Journal of Diabetes – 2023 May; 15(5): 366–367. Published online 2023 Apr 27. doi: 10.1111/1753-0407.13396


Menin Science

Menin dynamics and functional insight: take your partners

Katalin BaloghAttila PatócsLászló HunyadyKároly Rácz

Molecular and Cellular Biology – 2010 Sep 15;326(1-2):80-4.doi: 10.1016/j.mce.2010.04.011. Epub 2010 Apr 24.

The role of menin in hematopoiesis

Ivan Maillard and Jay L. Hess
Advances in Experimental Medicine and Biology – 2009:668:51-7.doi: 10.1007/978-1-4419-1664-8_5.

Regulation cyclin B2 expression and cell cycle G2-M transition by menin

Ting Wu, Xiuli Zhang, Xiaohua Huang, Yuqing Yang,and Xianxin Hua
Journal of Biological Chemistry – 2010 Jun 11; 285(24): 18291–18300.
Published online 2010 Apr 19. doi: 10.1074/jbc.M110.106575

Leah Wuescher, Kristine Angevine, Terry Hinds, Sadeesh Ramakrishnan, Sonia M. Najjar, and Edith J. Mensah-Osman
Endocrinology and Metabolism –

A Review of the Scaffold Protein Menin and its Role in Hepatobiliary Pathology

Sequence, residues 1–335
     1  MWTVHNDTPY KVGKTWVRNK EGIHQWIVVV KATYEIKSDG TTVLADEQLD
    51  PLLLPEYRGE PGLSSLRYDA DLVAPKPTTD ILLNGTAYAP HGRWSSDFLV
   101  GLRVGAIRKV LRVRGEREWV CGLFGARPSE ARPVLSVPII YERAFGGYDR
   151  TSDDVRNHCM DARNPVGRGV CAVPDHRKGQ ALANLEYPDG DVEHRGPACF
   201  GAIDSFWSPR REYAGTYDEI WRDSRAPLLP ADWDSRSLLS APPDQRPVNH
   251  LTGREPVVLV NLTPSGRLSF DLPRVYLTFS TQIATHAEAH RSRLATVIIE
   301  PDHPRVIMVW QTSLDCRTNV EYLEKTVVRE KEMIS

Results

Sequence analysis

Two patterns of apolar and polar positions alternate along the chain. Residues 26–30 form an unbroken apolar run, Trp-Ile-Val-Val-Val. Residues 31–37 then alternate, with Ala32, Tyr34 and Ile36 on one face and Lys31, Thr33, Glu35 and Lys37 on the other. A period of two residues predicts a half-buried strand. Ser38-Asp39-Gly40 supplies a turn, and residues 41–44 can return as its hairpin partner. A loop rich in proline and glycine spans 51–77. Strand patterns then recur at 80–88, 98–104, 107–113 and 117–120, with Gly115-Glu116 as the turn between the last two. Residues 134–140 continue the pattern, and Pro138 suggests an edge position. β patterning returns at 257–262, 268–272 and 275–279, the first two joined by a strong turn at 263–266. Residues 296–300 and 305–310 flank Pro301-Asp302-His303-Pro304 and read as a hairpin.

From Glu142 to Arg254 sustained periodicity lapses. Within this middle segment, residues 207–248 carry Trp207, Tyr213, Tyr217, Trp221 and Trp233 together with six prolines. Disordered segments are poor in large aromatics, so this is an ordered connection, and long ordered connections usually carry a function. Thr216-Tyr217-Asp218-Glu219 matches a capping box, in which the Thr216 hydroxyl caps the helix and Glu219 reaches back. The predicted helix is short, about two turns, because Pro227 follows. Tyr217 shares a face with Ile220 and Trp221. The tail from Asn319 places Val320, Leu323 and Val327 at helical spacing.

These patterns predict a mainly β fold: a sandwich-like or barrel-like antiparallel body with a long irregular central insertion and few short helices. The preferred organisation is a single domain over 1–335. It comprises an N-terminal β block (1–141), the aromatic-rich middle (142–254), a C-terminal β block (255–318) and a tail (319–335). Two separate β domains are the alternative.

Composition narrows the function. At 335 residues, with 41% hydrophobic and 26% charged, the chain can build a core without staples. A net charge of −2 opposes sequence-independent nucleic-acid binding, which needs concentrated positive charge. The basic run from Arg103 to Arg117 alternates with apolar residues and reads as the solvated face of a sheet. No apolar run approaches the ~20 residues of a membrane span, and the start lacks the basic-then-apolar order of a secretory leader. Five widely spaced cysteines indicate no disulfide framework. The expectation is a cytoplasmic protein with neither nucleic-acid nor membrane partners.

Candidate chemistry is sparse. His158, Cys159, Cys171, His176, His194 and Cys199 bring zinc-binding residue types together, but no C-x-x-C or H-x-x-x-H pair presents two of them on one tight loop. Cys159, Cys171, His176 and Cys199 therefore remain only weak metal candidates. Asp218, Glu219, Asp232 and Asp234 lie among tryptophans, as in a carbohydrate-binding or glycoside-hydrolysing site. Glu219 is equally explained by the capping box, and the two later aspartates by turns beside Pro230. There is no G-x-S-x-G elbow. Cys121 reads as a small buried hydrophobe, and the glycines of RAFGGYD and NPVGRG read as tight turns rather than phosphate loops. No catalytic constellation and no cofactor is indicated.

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Epigenetic regulation by the menin pathway

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Menin in Hematological Malignancies

Therapeutic implications of menin inhibition in acute leukemias

Issa, G. C., Ravandi, F., DiNardo, C. D., Jabbour, E., Kantarjian, H. M., & Andreeff, M.
Leukemia – 2021, 35(9), 2482–2495.

Challenges and opportunities in targeting the menin–MLL interaction

Cierpicki, T., & Grembecka, J.
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The Spectrum of MYC Alterations in Diffuse Large B-Cell Lymphoma